Go for nice, but practical stuff
There are few things as annoying as trying to reach for a chair and the host jumps up to stop you from sitting on the scrap. This is usually the case with those plastic garden chairs that some black people simply refuse to dispose of.
Garden furniture has to be of good quality, complement a house and be sturdy enough for guests and owners to relax in without fear of falling down.
Cynthia Meiring, property developer for Firzt Properties, says gardens can make or break the image of a house.
"No matter how good your taste is inside, if it doesn't begin on the outside, your decor is incomplete," Meiring says.
"I've seen it many times in the eyes of prospective buyers. They look at the house, look at the garden and you immediately know from the look in their eyes if they are interested or not," she says.
The first thing to do is to make a distinction between buying furniture for the patio and the garden itself. Garden furniture must be durable for all-weather conditions whereas patio furniture requires a little more care.
"Never leave outdoor furniture in direct sunlight all the time," says Alice Thanjekwayo of Homebuilders.
"I also advise customers to choose outdoor furniture that is movable, in case they experience sudden weather changes."
Tips on buying garden furniture:
l Decide if you want seating for quiet reflection, for entertainment purposes or for both. If you want to relax on quiet lazy afternoons, consider a table big enough for books, drinks, snacks and such, but not so big it leaves you feeling lonely.
Thanjekwayo says: "Nice bulky cushions are not only cheerful, but they are also handy when you doze off."
l Consider the number of people you usually entertain and the type of entertaining you enjoy. Also, where you will store the furniture if you have to protect it from bad weather. You need a convertible container for throws, cushions, ash trays etc.
l Take into account your current lifestyle as well as the activities you enjoy in your yard. Jot down your functional needs and keep this handy while shopping.
l Test the furniture by sitting on chairs and moving tables around to see how sturdy they are. Wooden furniture should feel smooth to the touch. Lots of filler in the joints means it will deteriorate quicker. Plastic, aluminium and rattan are light and easy to lift, but heavy wood and wrought iron are best for windy spots.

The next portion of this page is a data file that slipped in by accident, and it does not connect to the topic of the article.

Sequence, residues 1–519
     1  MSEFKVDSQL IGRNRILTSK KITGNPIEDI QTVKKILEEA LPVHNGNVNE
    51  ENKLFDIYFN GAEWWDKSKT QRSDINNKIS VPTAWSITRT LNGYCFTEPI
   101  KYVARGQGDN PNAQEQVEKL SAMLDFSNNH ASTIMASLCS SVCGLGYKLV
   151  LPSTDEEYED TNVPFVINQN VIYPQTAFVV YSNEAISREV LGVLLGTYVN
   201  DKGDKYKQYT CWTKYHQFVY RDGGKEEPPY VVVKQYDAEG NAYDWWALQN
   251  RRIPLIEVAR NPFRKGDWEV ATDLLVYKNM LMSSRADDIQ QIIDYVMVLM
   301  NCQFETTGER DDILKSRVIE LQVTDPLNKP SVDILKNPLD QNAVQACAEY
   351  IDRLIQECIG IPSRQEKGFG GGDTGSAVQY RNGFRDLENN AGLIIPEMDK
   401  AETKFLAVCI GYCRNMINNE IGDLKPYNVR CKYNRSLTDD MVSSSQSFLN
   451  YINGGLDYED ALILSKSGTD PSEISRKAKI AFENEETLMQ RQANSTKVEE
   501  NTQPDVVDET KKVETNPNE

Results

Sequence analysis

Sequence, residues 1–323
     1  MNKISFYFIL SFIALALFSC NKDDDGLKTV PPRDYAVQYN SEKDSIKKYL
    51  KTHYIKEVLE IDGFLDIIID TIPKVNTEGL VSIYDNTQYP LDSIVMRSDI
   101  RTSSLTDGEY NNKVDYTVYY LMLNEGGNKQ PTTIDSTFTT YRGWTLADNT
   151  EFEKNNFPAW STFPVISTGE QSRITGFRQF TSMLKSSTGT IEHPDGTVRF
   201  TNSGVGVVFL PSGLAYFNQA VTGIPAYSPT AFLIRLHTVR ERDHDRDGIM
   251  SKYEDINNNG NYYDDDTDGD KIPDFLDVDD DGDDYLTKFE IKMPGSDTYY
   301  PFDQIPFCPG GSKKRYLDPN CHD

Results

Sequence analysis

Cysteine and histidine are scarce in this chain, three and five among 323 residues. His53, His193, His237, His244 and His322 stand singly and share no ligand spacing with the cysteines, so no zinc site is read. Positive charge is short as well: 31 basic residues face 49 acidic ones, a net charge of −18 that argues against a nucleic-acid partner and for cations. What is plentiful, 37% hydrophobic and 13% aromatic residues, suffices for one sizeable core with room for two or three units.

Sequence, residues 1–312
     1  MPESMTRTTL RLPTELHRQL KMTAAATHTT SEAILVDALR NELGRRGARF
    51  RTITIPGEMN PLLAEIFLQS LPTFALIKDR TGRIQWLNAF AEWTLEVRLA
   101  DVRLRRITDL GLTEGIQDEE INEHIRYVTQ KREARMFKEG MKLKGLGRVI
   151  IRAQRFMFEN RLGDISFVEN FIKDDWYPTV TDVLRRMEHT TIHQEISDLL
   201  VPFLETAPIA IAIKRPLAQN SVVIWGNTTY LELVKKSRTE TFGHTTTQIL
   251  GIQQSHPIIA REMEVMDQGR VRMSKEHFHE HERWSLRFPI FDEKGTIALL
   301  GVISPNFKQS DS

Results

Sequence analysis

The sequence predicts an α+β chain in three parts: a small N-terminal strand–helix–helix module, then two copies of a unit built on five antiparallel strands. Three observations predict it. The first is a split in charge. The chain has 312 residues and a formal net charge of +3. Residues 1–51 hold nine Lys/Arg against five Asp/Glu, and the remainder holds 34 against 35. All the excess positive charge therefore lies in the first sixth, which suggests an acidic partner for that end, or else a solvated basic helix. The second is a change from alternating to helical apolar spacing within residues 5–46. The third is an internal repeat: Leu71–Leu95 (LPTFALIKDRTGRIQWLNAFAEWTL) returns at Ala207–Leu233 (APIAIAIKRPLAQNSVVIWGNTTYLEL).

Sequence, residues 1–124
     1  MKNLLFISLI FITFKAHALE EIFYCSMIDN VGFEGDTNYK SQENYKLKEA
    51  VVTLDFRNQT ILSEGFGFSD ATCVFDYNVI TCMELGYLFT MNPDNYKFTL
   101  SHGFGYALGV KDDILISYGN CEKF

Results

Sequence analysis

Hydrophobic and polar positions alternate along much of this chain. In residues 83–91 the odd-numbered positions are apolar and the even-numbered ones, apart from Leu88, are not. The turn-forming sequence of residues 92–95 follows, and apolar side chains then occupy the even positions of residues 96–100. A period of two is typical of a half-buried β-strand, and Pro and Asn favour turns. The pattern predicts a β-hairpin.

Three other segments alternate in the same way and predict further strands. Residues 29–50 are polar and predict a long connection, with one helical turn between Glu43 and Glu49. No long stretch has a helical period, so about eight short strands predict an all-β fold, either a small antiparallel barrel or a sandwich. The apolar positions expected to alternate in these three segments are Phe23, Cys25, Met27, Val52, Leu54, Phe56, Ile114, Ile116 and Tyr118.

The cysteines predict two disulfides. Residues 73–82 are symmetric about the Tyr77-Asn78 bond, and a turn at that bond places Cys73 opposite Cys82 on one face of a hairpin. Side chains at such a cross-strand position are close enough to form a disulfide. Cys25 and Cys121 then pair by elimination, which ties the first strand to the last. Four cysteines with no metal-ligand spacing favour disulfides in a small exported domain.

l Wood will need re-staining, oiling or moving indoors in winter, while aluminium and plastic can be left outside all year round. If buying wrought iron, go for a rust-resistant finish. Bear in mind rattan can be damaged by direct sunlight.
Additional info - idealhomemagazine.co.uk
How to maintain your pool
Sanitise your pool with a stabilised chlorine product to provide protection against bacteria. These products generally come in stick or tablet form and are fed into the distribution container near the pump and filter system.
Use an algae preventative or inhibitor to help keep algae from ever getting started. This liquid product is simply poured into the water near the skimmer intake so that the pump system can distribute it to all the areas of the pool.
Shock your pool on a regular basis - about every two weeks - to get rid of water-soluble bather waste.
Get hold of a pool professional or supply dealership that has a water-test facility that offers computer analysis of samples you bring in. Many of the larger and better companies offer this service free of charge if you have bought your pool from them.
Tips and warnings
Look for pool companies that offer weekly maintenance services if you are not committed to taking care of the pool yourself. The weekly service and the great pool conditions can often be less expensive than the extra chemicals and the work involved in dealing with a pool that is poorly maintained.
Troubleshooting your pool
Listen for excessive pump noise because this could be a warning of possible problems in that area. Today's newer pumps are sealed units that do not require any maintenance, but rubber or composition pump seals can go bad and result in bearing failure or electrical shorts.
Replace any pump that is more than seven or eight years old and that is in need of repair. The newer models are more efficient at moving larger volumes of water with less energy, saving you money. You will need a smaller, less-expensive pump, have lower monthly utility bills and better circulation also means better filtration and fewer chemical requirements.
Always keep a close eye on your pool's pressure gauge. An inoperative pressure gauge means you can't tell when water pressure begins to build from the normal levels indicated by a clean, efficient filter, and the higher pressure of a filter in need of cleaning. High pressure means unnecessary strain on the pool pump and a less efficient filtering system.
It is important to know what kind of filter you have and to keep it clean.